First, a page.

August 19, 2017 | Science News

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August 19, 2017View Digital Issue

Editor's Note

Acting Editor in Chief Elizabeth Quill discusses how the natural world feeds our sense of wonder.
By Elizabeth Quill | August 8, 2017
Magazine issue: Vol. 192 No. 2 , August 19, 2017 , p. 2

Features

Black-legged tick

Feature

Researchers acknowledge that there’s no getting rid of ticks, so they are developing ways to make them less dangerous.
Photographs of Rwandans killed in 1994 genocide

Feature

New research on the 1994 Rwanda genocide overturns assumptions about why people participate in genocide. A sense of duty, not blind obedience, drives many perpetrators.

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Editor's Note

Acting Editor in Chief Elizabeth Quill discusses how the natural world feeds our sense of wonder.

Features

Photographs of Rwandans killed in 1994 genocide
New research on the 1994 Rwanda genocide overturns assumptions about why people participate in genocide. A sense of duty, not blind obedience, drives many perpetrators.
Black-legged tick
Researchers acknowledge that there’s no getting rid of ticks, so they are developing ways to make them less dangerous.

News

Ötzi the Iceman’s ax
Copper for the ancient Iceman’s blade traveled about 500 kilometers to his northern Italian home region.
Ramazzottius varieornatus
Genetic studies reveal more secrets of the bizarre creatures known as tardigrades.
microscope image of copper
It turns out that thin films of copper don’t lay flat, a discovery that has implications for computers and handheld electronics.
galaxies M81 and M82
A galaxy may swipe up to half of its atoms from other galaxies, making the Milky Way mostly extragalactic stuff, new simulations suggest.
blue chrysanthemum
Scientists have genetically modified chrysanthemums to be “true blue” for the first time.
football players
A self-selected sample of 202 deceased football players, the largest to date, finds that the majority suffered from chronic traumatic encephalopathy.
Global warming could force airplanes to carry a lighter load — and fewer passengers —on each flight.
microlensing illustration
Jupiter-mass planets without parent solar systems are less common than astronomers thought, a new study suggests.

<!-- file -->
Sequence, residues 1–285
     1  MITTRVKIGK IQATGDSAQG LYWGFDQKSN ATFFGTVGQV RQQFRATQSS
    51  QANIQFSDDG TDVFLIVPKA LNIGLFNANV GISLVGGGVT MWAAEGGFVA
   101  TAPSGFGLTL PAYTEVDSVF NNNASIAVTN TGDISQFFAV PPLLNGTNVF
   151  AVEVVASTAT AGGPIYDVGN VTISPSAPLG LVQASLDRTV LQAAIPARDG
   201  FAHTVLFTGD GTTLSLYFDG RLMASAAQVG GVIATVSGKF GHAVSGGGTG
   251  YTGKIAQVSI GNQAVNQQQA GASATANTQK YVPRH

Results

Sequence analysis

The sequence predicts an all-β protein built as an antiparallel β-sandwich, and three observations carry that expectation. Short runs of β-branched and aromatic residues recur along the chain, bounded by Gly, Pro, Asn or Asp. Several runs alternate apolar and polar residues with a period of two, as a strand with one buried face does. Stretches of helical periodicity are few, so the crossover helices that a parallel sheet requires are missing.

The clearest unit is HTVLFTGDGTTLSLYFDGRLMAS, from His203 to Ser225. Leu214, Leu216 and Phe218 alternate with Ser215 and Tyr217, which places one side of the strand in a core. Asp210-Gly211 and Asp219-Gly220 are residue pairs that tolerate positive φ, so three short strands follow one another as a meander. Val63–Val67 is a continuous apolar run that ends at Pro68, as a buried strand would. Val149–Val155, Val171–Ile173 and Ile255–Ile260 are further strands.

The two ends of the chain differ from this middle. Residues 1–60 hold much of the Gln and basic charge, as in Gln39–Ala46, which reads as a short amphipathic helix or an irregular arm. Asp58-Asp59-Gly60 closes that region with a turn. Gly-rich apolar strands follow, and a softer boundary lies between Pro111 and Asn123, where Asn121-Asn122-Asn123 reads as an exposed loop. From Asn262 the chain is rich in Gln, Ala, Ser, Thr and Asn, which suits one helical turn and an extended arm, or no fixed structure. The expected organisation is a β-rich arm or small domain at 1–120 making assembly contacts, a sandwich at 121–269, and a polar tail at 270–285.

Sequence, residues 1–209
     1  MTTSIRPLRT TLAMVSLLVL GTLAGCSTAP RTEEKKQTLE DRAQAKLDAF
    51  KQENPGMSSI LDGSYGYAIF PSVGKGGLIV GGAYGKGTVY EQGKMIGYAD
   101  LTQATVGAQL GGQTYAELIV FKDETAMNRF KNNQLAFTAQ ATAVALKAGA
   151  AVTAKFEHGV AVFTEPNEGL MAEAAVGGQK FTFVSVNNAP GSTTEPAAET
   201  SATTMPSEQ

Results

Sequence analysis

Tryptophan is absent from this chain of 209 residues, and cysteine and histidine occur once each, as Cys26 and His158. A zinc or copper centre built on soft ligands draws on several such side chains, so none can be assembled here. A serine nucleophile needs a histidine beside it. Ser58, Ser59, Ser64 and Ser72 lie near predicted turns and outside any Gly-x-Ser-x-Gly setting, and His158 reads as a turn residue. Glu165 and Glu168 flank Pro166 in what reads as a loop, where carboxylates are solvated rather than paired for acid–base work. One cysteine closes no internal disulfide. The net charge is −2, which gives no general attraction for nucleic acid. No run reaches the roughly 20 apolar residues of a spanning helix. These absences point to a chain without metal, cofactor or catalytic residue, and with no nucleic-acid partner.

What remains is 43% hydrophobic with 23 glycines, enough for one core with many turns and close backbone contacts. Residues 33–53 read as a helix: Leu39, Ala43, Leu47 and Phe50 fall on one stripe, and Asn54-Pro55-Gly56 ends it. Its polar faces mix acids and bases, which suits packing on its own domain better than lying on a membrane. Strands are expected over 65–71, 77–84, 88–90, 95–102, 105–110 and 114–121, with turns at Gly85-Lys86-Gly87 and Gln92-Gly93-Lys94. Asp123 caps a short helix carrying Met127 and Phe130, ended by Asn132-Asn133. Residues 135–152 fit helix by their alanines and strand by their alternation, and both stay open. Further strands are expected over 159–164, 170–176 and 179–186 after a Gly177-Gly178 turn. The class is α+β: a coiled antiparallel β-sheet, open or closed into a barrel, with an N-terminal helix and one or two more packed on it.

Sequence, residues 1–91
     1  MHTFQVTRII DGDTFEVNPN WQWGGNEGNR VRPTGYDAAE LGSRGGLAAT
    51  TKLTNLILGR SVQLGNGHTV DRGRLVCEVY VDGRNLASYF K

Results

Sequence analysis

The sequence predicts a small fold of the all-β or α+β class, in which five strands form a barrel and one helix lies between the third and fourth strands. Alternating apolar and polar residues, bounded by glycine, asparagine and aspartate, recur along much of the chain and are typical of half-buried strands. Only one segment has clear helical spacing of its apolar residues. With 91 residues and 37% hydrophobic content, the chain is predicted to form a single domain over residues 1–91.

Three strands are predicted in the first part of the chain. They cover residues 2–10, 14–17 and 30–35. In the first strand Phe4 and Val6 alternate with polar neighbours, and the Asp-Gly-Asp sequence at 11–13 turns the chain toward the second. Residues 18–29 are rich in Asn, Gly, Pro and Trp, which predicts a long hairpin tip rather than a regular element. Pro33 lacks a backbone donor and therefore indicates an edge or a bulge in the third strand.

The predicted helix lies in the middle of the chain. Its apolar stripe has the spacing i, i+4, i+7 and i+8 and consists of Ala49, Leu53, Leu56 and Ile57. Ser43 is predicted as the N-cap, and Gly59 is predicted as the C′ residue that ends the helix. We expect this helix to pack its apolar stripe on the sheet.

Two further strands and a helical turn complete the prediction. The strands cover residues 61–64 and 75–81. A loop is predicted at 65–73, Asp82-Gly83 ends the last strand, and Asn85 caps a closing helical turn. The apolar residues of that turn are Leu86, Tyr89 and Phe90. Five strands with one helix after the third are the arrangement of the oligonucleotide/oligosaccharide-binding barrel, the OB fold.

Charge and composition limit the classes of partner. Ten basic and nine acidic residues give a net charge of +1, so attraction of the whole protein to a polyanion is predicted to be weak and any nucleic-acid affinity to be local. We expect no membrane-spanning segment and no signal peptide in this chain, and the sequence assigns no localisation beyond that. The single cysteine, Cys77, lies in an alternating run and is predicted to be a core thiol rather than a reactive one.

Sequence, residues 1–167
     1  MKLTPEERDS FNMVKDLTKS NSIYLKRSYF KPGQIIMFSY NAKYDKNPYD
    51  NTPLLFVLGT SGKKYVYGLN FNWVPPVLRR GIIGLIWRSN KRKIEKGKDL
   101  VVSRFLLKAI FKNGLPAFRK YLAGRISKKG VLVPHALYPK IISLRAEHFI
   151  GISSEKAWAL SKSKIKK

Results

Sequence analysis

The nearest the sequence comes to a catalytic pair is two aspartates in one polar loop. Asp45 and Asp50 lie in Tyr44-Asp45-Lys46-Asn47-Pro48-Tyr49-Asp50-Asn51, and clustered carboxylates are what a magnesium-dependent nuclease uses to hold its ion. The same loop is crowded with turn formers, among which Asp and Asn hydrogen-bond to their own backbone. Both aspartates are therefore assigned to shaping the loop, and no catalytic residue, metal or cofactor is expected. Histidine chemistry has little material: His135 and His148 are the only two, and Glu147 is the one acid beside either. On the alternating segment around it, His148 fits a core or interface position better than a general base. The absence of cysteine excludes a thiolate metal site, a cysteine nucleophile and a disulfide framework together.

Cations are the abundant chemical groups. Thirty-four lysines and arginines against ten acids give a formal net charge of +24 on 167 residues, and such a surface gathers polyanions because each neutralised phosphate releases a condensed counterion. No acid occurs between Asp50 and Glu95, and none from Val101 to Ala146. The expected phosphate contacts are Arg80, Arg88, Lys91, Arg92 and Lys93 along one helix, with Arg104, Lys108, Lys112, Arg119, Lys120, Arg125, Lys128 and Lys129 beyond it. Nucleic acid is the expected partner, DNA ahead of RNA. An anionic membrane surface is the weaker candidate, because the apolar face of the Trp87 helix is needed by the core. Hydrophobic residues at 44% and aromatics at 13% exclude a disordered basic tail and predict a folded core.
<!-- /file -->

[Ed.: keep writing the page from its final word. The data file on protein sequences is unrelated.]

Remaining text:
Prevotella
Certain bacteria found on the penis raise the risk of HIV infection, a new study finds.
bro with dog
Dog domestication may be the result of just a few genetic changes, including ones that made canines more interested in interacting with people.
Madjedbebe rock shelter
Australia may have said “G’day” to humankind thousands of years earlier than previously believed.
Maxwell’s Demon illustration
Scientists probe information retained by Maxwell’s demon.
raven
Clever birds may have evolved their own broad powers of apelike thinking about the future.
mouse fight
In mice, nerve cells in the prefrontal cortex influence whether an individual is dominant or submissive.
illustration of exomoons
A distant object may be the first exomoon detected.
Majorana fermions in a topological insulator
Scientists found evidence of a particle that is its own antiparticle.
brown cow
For the first time in any animal, researchers elicit broadly neutralizing antibodies against HIV. Cows’ antibodies could help with drug development.

Notebook

Tube worms
Deep-sea tube worms can live decades longer than their shallow-water counterparts.
Nephila edulis spider
Scientists reveal a new twist on the unusual properties of spider silk.
Eusaurosphargis dalsassoi
An exquisitely preserved fossil shows that an ancient armored reptile called Eusaurosphargis dalsassoi wasn’t aquatic, as scientists had suspected.
Today, scientists are still trying to improve steel.
Yemeni women waiting for charity water
As the cholera epidemic rages on in war-torn Yemen, basic hygiene is the first line of defense.

Reviews & Previews

Saturn
A new TV documentary is a tender tribute to Voyagers 1 and 2, which launched 40 years ago and were the first spacecraft to visit the outer solar system.

Letters to the Editor

Readers responded to fish lips, monkey brains, sunless tanner and more.

Science Visualized

cheetah and wildebeests
New analysis delves into the mystery of why medium-sized animals are speedier than bigger ones.